Scan the Pathway of Fatigue through MRI

  • November 30, 2020
  • Blog
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Fatigue is commonly known as a physiologic process which is a result of lactic acid accumulation in muscles, but the origin of fatigue is seldom known. The feelings for fatigue arise in the brain as the outcome of the balance made between thought of how much and type of effort needed to overcome fatigue.

If the area of the brain where the whole mechanism of fatigue is processed is traced then it could be possible to find therapies which can reduce the fatigue.

MRI Brain Scan

Study was conducted by Vikram Chib, an assistant professor of biomedical engineering at the Johns Hopkins University School of Medicine and a research scientist at the Kennedy Krieger Institute to find out the processing of the brain when someone feels fatigue.

Twenty participants took part ranging from age of 18 to 34 years, 9 were female. The participants were asked to grasp and squeeze a sensor and give a score (for eg. 0 for no effort and 50 as equal to half the participant’s maximum force). Effort levels among individuals were standardized by training participants to associate units of effort with how much to squeeze.

Participants were asked to repeat the grip exercises for 17 blocks for 10 trials each, until they were fatigued followed by which they were asked to make a choice between two options first was based on a coin flip(chance to exert no effort or a predetermined effort level) and second choice was a predetermined effort level. 

Simultaneously brain activity was also scanned using functional magnetic resonance imaging (fMRI).

Results showed that 19 out of 20 participants chose a predetermined effort level when fatigued suggesting that the participants were less willing to put more effort when fatigued.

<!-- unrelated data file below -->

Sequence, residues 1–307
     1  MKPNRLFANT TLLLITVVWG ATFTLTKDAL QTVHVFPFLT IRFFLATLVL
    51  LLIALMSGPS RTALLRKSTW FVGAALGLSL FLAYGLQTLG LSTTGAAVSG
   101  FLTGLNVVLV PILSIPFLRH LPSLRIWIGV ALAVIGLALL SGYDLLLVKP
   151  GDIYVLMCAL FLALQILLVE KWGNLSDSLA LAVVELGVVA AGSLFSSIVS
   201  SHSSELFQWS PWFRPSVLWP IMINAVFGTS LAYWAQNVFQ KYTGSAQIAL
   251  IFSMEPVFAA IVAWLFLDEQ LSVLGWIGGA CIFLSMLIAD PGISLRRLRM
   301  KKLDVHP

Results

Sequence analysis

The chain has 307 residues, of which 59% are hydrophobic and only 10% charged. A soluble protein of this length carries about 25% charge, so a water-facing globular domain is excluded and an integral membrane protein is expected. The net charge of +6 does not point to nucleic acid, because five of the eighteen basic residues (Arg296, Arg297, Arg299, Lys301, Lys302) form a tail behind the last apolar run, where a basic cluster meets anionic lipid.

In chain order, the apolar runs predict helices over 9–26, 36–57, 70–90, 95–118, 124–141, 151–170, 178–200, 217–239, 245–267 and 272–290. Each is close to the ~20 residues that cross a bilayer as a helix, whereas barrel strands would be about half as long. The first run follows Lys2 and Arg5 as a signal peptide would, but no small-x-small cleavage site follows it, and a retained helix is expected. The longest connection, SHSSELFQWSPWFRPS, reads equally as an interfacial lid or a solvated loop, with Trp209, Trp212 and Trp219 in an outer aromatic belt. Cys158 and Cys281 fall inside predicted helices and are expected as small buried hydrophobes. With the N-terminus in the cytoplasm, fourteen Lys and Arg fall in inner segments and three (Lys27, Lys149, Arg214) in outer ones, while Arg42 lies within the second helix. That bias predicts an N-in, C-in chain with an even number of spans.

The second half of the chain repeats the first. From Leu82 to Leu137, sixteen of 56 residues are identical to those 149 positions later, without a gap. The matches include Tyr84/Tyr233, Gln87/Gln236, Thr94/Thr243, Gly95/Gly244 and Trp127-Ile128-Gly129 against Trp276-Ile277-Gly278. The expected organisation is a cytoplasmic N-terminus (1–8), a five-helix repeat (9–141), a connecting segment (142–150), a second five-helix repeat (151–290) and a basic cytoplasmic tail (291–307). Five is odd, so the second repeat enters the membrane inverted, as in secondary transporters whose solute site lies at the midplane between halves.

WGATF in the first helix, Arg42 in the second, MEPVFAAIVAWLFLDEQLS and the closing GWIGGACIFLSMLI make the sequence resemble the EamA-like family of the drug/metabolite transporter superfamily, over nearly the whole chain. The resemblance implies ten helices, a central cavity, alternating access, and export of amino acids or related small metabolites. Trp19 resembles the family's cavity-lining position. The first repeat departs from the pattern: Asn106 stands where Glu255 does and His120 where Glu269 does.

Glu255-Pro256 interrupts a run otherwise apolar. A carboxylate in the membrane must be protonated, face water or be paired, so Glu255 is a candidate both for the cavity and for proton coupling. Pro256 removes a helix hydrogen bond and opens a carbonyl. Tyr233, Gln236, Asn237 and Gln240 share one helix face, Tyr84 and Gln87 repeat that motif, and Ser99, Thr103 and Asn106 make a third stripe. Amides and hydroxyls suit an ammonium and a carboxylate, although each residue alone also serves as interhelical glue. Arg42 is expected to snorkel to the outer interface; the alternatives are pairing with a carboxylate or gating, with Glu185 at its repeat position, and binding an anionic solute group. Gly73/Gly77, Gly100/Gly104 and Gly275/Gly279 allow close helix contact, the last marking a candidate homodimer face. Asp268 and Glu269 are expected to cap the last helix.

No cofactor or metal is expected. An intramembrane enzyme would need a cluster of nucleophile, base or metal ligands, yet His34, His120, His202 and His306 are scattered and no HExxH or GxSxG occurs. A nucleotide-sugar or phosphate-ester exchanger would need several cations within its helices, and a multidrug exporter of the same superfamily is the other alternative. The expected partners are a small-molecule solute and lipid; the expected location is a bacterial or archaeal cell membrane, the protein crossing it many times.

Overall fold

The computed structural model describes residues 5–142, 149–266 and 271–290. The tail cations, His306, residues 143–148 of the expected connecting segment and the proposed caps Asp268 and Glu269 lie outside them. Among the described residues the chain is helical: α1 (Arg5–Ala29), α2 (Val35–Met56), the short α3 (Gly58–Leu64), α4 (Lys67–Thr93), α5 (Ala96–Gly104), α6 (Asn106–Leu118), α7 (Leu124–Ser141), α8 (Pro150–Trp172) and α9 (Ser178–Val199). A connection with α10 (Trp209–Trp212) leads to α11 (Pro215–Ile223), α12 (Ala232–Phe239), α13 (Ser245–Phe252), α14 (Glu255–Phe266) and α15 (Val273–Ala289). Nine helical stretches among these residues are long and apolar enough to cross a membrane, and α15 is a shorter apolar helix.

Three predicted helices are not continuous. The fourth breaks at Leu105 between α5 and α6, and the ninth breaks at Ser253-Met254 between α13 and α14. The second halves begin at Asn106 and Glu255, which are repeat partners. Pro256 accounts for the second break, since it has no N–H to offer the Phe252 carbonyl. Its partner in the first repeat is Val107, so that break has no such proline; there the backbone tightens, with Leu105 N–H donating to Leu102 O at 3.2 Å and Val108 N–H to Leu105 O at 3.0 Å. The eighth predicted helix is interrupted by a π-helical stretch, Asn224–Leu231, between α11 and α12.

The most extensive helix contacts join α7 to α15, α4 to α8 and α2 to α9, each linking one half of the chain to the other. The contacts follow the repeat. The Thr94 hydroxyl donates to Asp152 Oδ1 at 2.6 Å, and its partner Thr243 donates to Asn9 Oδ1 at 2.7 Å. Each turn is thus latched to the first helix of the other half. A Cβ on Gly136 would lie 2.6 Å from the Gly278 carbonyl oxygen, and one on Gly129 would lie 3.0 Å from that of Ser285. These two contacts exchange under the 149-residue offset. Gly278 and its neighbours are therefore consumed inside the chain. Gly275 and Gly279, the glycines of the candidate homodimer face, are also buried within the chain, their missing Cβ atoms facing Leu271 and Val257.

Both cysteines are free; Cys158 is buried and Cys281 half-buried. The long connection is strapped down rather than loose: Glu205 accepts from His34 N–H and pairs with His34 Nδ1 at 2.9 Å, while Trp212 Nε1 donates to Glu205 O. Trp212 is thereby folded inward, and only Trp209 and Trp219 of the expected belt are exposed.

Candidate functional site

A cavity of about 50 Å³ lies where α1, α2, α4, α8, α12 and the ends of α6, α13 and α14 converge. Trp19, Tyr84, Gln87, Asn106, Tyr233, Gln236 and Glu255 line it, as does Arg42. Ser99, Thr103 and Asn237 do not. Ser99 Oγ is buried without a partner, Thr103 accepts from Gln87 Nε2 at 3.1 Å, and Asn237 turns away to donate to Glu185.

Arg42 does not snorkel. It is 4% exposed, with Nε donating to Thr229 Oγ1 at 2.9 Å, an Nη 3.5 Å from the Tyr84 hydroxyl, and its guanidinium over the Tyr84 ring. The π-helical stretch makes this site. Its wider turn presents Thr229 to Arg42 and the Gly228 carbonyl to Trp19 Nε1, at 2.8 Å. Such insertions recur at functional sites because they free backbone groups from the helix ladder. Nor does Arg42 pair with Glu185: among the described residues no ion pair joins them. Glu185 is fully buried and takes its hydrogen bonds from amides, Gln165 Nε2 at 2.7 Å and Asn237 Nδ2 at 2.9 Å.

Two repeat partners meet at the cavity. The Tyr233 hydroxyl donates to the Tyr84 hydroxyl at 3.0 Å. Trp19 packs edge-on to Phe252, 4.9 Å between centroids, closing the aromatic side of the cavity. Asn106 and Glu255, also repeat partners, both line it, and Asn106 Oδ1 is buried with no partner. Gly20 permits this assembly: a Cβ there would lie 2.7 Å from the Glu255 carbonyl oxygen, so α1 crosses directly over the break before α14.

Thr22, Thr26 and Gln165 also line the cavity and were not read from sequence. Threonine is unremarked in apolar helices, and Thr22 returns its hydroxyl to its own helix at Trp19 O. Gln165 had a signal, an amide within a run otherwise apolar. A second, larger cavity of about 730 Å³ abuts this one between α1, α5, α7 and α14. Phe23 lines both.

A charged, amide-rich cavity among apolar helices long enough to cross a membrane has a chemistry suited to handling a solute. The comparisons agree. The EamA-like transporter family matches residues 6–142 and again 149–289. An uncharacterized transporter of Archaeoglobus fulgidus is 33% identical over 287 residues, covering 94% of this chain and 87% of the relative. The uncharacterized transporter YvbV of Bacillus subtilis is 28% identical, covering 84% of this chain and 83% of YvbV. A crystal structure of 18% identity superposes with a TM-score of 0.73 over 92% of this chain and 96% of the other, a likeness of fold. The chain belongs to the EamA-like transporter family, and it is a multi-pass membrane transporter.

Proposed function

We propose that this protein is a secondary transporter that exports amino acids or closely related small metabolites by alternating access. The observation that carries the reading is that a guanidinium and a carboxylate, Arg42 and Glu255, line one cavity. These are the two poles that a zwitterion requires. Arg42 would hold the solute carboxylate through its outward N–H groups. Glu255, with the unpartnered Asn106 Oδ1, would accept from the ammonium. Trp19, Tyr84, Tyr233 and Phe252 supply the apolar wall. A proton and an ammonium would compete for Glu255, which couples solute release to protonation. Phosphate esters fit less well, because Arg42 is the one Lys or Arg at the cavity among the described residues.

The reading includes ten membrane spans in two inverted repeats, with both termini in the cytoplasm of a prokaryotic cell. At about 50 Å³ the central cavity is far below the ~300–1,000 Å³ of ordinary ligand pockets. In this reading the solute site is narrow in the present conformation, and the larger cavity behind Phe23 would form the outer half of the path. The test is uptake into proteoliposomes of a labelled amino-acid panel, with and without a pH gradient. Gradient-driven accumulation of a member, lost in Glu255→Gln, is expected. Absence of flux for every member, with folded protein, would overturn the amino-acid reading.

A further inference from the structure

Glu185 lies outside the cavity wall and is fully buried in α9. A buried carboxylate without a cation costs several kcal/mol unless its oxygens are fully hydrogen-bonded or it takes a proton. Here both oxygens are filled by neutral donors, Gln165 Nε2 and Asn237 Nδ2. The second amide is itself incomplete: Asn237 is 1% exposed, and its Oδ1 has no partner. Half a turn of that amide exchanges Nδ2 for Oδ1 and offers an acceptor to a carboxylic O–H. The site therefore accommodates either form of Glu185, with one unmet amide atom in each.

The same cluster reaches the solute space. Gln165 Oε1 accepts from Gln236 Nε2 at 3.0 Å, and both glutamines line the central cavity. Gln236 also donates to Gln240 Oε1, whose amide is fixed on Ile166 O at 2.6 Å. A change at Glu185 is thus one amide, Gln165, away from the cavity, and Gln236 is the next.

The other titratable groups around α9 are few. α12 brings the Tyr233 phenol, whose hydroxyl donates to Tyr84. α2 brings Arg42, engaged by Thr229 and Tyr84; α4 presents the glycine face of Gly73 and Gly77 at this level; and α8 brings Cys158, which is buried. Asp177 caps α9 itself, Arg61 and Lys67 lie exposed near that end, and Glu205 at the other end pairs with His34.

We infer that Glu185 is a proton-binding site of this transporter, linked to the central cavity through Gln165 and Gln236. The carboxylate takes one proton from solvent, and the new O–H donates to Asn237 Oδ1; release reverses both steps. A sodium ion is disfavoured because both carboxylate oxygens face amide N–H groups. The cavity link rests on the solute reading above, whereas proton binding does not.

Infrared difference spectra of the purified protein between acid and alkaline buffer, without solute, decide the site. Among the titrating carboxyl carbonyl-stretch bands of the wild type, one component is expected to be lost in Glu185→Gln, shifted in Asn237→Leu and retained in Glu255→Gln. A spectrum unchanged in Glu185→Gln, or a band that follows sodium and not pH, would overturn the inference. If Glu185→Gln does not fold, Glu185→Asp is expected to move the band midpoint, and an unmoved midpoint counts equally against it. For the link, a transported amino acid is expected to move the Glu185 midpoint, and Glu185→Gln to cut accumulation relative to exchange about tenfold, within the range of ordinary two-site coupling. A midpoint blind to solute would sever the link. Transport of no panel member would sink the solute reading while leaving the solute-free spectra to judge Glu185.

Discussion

fMRI scans showed brain activity increased in all participants in insula when participants were asked to select between the two options and  the motor cortex showed decrease in activity when the participants made decisions.

Scans also showed that motor cortex decreased its activity by sending lesser signals to muscle so a balance can be maintained and over fatigue is avoided. But the participants who chose the first option and had to put more effort based on the option, showed least decrease in motor activity and got fatigued the most.

This suggests that fatigue might arise when there is an imbalance between the thoughts of an individual that he can work beyond his abilities and the actual activity in the motor cortex.

The result of this can help the researchers to find more therapies which can help people to reform their routine tasks more efficiently and better remedies can be made available for the patients of depression, multiple sclerosis and conditions where muscle fatigue is associated.

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